Tuesday, May 12, 2015 at 1:57 PM
Johan Ishak
12 May 2015
Acrylic and Ink on Canvas
90cm x 90cm
Buanaseni Studio Shah Alam


This is one of the works done for the Al-Alaq series (as shown in the images on the Left). Al-Alaq is the 96th sura or chapter of the Qur'an. It is composed of 19 ayat (verses or "signs"), and is traditionally believed to have been revealed at Mecca at cave Hira. It is sometimes also known as Sūrat al-Iqrā ("Read"). The first five verses of this sura are believed by nearly all sources to be the first verses of the Qur'an to be revealed to the Islamic prophet Muhammad. The linguistic definition of ′alaq'  is "leech", "medicinal leech", "coagulated blood", "blood clot", or "the early stage of the embryo". ′Alaq' is also a derivative of 'alaqa' which means "attached and hanging to something." The term ′alaqah' is the second stage of human prenatal development (sura Al-Mu’minoon 23: 12-14) which "descriptively encompasses the primary external and internal features" of the early embryo. The term ′alaqah' also occurs in several languages related to Arabic. In Hebrew there is 'alûqāh' (or alukah), the generic name for any blood-sucking worm or leech, and in Aramaic and Syriac there are words with apparently similar meanings. This sura has two parts: the first part consists of vv. 1-5, and the second of vv. 6-19. About the first part a great majority of the Islamic scholars are agreed that it forms the first revelation to be sent down to prophet Muhammad in 610. In this regard, the Hadith from Aisha, which Ibn Hanbal, Bukhari, Muslim and other traditionists have related with several chains of authorities, is one of the most authentic Hadith on the subject. In it Aisha narrates the full story of the beginning of revelation as she herself heard it from Muhammad. Besides, Ibn Abbas, Abu Musa al-Ashari and a group of the Companions also are reported to have stated that these were the very first verses of the Quran to be revealed to Muhammad. The second part was composed later, when Muhammad began to perform the prescribed prayer in the precincts of the Kaaba, and Abu Jahl tried to prevent him from this with threats.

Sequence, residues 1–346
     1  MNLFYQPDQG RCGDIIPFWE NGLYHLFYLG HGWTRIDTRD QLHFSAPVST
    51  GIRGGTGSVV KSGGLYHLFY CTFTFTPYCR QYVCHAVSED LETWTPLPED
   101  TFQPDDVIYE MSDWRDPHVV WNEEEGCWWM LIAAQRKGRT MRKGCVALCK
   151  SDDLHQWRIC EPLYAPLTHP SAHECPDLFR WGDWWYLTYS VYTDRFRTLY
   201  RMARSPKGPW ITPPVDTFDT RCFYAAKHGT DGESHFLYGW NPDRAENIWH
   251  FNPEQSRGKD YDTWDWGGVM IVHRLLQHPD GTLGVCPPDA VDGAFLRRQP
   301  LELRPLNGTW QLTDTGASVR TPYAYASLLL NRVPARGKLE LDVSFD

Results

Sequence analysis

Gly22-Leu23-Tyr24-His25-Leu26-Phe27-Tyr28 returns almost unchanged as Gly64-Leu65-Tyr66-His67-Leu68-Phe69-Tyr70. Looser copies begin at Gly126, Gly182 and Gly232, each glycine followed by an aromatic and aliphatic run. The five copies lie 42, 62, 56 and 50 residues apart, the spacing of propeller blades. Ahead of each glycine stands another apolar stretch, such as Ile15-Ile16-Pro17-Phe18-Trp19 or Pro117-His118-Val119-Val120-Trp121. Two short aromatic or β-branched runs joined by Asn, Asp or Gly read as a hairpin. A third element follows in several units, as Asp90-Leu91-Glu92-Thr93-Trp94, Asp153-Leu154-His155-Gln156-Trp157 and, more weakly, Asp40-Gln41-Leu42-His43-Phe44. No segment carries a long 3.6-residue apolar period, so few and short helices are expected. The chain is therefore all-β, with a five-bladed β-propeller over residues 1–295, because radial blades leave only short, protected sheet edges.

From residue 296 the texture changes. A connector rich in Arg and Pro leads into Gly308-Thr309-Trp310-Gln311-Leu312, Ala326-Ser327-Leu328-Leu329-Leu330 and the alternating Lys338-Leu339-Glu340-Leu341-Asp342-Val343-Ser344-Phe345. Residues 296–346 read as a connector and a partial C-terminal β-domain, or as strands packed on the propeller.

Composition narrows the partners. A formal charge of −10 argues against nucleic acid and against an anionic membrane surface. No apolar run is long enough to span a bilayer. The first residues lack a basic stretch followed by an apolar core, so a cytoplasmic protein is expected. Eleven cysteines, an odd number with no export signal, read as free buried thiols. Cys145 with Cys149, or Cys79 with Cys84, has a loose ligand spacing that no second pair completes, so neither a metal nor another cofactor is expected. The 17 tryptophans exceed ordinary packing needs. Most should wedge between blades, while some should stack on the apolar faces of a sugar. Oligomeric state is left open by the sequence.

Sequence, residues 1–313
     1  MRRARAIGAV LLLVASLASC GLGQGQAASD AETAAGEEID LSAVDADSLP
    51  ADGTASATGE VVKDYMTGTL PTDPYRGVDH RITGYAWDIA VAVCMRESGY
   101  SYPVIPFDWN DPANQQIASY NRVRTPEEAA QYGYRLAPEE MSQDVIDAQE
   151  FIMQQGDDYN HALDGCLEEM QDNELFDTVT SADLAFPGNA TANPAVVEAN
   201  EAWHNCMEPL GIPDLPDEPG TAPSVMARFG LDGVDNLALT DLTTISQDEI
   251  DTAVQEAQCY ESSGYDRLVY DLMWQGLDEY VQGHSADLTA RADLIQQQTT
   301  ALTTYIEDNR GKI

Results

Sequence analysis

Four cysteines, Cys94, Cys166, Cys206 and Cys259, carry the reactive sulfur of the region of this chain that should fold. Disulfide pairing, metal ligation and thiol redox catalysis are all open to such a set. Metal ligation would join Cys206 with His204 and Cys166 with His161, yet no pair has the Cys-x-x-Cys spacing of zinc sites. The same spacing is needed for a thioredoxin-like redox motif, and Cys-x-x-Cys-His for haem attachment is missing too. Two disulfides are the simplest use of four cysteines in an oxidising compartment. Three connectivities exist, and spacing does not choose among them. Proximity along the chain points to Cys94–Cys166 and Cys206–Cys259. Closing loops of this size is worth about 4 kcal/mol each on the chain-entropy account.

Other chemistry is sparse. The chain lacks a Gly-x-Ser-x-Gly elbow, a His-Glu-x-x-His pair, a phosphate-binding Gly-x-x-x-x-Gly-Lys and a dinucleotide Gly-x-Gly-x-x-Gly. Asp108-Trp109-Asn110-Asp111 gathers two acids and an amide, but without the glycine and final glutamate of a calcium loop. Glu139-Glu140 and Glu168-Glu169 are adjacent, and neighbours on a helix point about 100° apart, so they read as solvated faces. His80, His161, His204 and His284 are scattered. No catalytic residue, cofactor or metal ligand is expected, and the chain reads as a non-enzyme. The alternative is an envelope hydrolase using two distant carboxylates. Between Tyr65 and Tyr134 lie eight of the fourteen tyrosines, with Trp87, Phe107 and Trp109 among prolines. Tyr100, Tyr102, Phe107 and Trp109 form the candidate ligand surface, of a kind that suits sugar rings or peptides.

The English translation of Al-Alaq is as follows:

1. Read! In the Name of your Lord, Who has created (all that exists),
2. Has created man from a clot (a piece of thick coagulated blood).
3. Read! And your Lord is the Most Generous,
4. Who has taught (the writing) by the pen [the first person to write was Prophet Idrees (Enoch)],
5. Has taught man that which he knew not.
6. Nay! Verily, man does transgress all bounds (in disbelief and evil deed, etc.).
7. Because he considers himself self-sufficient.
8. Surely! Unto your Lord is the return.
9. Have you (O Muhammad) seen him (i.e. Abu Jahl) who prevents?,
10. A slave (Muhammad) when he prays?
11. Tell me, if he (Muhammad) is on the guidance (of Allah)?
12. Or enjoins piety?
13. Tell me if he (the disbeliever, Abu Jahl) denies (the truth, i.e. this Qur'an), and turns away?
14. Knows he not that Allah does see (what he does)?
15. Nay! If he (Abu Jahl) ceases not, We will catch him by the forelock,
16. A lying, sinful forelock!
17. Then, let him call upon his council (of helpers),
18. We will call the guards of Hell (to deal with him)!
19. Nay! (O Muhammad)! Do not obey him (Abu Jahl). Fall prostrate and draw near to Allah!
The art work has red highlights of ayats (verses) 9 and 14 which reads "Have you seen him who prevents?" and "Knows he not that Allah does see?". This highlighting is done to emphasise symbolic status of the sura (chapter) of the Holy Quran for being the first sura to be revealed to Prophet Muhammad and to mankind. The sura was revealed to Prophet Muhammad by Angel Jibrail (Gabriel) when he (Muhammad) was not even aware that he has been appointed by Allah (God). Therefore, this sura is the only sura revealed to Prophet Muhammad before he knew he is a prophet. So strong is the relevance of this sura that I have chosen ayats 9 ad 14 to be highlighted as they portray the essence of the sura in the context of enlightening mankind to the existence of God - by suggesting the idea of the threat of rejection of Prophet Muhammad by Abu Jahl, a prominent Arab Aristocrat, or any man at all (or even Muhammad himself), but in the end, Muhammad triumph (as a prophet), for which, only Allah (God) Himself knew best, and well in advance of this (referring the the 2nd leg that says "Knows he not that Allah does see?"


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